Thomas Y. Crowell & Co. will publish shortly in their "Library of Economics and Politics" a volume entitled 66 The Jew in London, a study of racial character and present-day condition," with an introduction by Canon Barnett, a preface by the Rt. Hon. James Bryce, M.P., and an important map especially made for this volume. They have also nearly ready “The Heiress of the Forest," a romance of old Anjou, by Eleanor C. Price; "The Religious Spirit in the Poets," by Dr. Boyd Carpenter, Bishop of Ripon ; Religion in Literature and Religion in Life," by Stopford A. Brooke ; and "Harvest-Tide," the book of verses, by Sir Lewis Morris, described in our issue for December 1.


Mr. Hall Caine is leaving London for Rome. He will winter in "The Eternal City," and there complete his novel of that


Ford's "The Honorable Peter Stirling" and Hope's "Rupert of Hentzau," both published by Henry Holt & Co., would seem to be exceptions to the rule that the life of current popular novels is generally brief. The former is just going to press for its forty-first time (its fifth impression this year), and the latter for its twelfth time, (making its third impression in 1900). Mr. Gibson, the popular artist, should receive some credit for the success of "Rupert of Hentzau," which he illustrated.

The other day we had a new novel by Miss Braddon, and now we have a new one by Miss Broughton. How the years flow on, and likewise how perennial is the flow of the Braddon and Broughton novels. I scarcely like to think how many years ago it was that "Cometh Up as a Flower" appeared to please and shock the public. Since then Miss Broughton has done excellent work. She has got rid of the peculiarities that made her earlier books objectionable to people of sound literary taste, and

We Have


We Hold

As customers the best advertisers and the most extensive users of.

Half Tone
Line Cuts and

Zinc Etchings

in Canada. We give them satisfaction. ARE YOU USING OUR WORK? Write, phone or call.


16 Adelaide St. W.,

she has kept all the sparkle and pathos that constituted their real merit. I always welcome a new Broughton novel, and I trust the day is far away when that pleasure will be denied to me. "Foes in Law" is the title of Miss Broughton's new book, and I am waiting to read it with as much interest as we were all waiting a short time since to read election returns.

New Books.


Mr. Zangwill's "Mantle of Elijah," which has caused so much discussion, is now published. The book has just been completed as a serial in "Harper's Magazine," but Mr. Zangwill has revised his work, and thus delayed the publication of the Canadian edition.

Those who read his "Master," "Dreamers of the Ghetto," etc., will recognize him as a writer of great force, and one whose books are easily distinguished from the great crowd. In his former works he treated of the Hebraic character, but in his "Mantle of Elijah" he has made a new departure, and presents English political and social life of the day so vividly that he has been accused of plagiarizing history in connection with the developments that caused the Transvaal war. History, however, may be said to have plagiarized Zangwill, for the novel was worked out two years before the Boer war.

The London "Athenæum," in a lengthy review of the book, says :-"His new book contains cleverness of a very varied kind. Traits of fine imagination, of high spiritual feeling, keen observation of the actual, and a singular sense of discrimination in character and dialogue jostle each other. He has a tcommand a fund of epigrammatic utterances, but, unlike the general run of such sayings, they are not mere interpolations put in for their own sake. They spring from the substance and sentiment of his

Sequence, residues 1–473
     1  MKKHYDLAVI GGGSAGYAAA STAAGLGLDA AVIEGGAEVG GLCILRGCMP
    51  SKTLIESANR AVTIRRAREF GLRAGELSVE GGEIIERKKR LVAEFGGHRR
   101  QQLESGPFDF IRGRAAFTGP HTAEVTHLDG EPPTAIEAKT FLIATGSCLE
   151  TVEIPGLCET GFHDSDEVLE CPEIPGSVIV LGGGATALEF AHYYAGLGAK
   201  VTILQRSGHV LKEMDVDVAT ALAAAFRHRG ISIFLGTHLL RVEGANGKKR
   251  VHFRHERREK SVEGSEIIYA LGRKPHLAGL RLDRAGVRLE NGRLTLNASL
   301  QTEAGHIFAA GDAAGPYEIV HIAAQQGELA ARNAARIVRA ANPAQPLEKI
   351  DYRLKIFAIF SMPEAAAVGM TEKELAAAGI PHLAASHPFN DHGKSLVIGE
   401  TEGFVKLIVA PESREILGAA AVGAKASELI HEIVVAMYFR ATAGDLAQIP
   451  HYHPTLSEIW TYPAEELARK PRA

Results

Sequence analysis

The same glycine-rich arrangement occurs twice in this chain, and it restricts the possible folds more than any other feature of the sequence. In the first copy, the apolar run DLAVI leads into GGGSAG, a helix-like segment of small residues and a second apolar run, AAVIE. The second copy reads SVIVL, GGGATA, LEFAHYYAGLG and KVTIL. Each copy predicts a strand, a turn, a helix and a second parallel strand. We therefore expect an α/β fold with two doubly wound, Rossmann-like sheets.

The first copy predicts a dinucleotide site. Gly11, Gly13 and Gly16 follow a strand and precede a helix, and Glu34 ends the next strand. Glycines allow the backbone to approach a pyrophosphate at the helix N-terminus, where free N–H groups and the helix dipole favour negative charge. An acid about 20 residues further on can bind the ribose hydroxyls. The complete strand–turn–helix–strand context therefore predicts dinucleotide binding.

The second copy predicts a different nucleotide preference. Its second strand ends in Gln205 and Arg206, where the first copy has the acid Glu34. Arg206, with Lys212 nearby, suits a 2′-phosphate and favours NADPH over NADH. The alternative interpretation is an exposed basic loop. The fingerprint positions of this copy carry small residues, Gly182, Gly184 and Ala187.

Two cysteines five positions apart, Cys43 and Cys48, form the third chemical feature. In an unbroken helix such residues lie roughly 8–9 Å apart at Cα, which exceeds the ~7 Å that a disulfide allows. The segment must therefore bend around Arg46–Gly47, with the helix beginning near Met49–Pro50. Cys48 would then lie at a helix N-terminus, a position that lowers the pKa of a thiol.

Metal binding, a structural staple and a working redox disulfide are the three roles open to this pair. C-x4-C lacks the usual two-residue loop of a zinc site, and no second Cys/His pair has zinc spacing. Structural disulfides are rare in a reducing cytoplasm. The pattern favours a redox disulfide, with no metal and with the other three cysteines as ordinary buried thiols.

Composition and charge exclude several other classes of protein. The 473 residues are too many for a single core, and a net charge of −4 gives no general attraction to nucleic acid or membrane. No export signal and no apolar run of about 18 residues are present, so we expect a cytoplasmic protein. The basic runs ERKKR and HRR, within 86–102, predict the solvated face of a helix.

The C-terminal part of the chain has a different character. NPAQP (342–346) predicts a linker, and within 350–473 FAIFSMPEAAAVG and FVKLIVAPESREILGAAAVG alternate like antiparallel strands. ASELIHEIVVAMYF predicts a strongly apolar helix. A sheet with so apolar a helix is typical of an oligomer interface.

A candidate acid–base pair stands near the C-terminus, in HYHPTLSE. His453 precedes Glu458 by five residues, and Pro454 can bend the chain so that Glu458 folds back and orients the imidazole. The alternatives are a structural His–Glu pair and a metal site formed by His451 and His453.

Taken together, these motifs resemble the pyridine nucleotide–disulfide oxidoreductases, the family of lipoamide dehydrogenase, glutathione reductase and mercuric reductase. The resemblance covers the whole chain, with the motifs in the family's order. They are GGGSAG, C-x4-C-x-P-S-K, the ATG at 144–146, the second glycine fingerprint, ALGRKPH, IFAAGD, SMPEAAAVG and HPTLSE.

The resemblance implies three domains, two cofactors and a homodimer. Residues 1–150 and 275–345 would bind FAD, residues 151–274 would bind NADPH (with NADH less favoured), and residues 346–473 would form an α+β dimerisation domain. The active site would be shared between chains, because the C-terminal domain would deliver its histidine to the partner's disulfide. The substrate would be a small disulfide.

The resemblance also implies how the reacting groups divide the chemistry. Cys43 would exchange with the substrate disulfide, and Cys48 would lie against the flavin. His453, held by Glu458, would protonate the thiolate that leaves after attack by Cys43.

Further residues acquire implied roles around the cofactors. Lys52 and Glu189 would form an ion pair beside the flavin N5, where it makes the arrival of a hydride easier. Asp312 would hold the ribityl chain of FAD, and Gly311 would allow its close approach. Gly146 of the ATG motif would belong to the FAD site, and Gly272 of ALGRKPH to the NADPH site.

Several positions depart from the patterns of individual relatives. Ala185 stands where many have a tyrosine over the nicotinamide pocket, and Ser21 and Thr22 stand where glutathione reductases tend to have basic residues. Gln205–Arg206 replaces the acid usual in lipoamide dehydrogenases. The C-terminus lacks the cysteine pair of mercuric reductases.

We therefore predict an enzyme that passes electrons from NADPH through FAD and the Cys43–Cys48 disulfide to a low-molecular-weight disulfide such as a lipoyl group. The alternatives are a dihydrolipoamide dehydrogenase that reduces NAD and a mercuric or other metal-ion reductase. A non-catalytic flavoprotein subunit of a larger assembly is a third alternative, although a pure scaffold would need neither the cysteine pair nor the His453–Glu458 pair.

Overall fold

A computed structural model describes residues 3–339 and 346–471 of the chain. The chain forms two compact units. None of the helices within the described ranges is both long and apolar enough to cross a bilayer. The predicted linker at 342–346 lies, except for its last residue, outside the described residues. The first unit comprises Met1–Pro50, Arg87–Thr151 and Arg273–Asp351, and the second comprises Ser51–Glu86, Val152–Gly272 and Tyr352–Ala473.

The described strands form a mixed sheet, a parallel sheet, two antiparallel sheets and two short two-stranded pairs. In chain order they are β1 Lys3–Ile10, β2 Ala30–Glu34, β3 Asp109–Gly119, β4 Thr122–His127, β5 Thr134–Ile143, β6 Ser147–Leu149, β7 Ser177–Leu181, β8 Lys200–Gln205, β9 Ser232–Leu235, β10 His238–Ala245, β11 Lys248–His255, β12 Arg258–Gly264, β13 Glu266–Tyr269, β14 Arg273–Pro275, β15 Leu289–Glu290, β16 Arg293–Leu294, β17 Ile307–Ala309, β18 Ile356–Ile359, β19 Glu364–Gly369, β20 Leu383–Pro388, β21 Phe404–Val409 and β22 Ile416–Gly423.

Zangwill's Masterpiece

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This is but one of many complimentary reviews, and the press unites in proclaiming this as Mr. Zang will's most vigorous and powerful work. The narrative is rich in theatric climaxes, and will be staged later. Issued in a handsome cloth edition, with

(ILLUSTRATED.) Cloth, $1.50.

The most powerful and dramatic novel ever written by the author of "The Master." 27th 1,000.

many full-page illustrations by Louis Loeb, Stringtown on the Pike it makes an ideal holiday gift.

John Uri Lloyd may well be proud of his success, for he has won distinction not only as a chemist of world-wide fame, but his first venture in fiction, "Stringtown-onthe-Pike," has met with immediate and immense success. The book has been on the market a month, and is already in its 27th 1,000.

For an unknown novelist to achieve this phenomenal success his book must, indeed, be a great work, and of "Stringtown" this can certainly be said.

The plot of the story is laid in Kentucky, "Stringtown" being the modern Florence on the most famous pike in the Blue Grass Region. It is the author's birthplace, and he has brooded long and patiently over his characters that give so much of reality and life to the book. Although fiction, it is the fiction of fact, and so well has Mr. Lloyd wrought that one is convinced he has trans

ferred a picture of real life to his pages. The book is a strikingly original handling of a theme not often treated of in fiction. Mr. Lloyd has the rare accomplishment of creating character, and such characters as live in the memory, for they stand out clearly from his pages. The many illustrations, engraved from photographs taken by Mrs. Lloyd, enhance the value of this wonderful book.

Another book that is having a great demand is Max Pemberton's "Footsteps of a Throne." The "N. Y. Times' " Saturday Review announces that a special cable despatch states this is one of the most successful novels of the London season. The advance sales amounted to 10,000 copies. No one probably is better fitted to give us a romance of modern Russia, for Mr. Pemberton is thoroughly at home there. He sheds light on some peculiar Russian customs, and has woven a thrilling tale of ad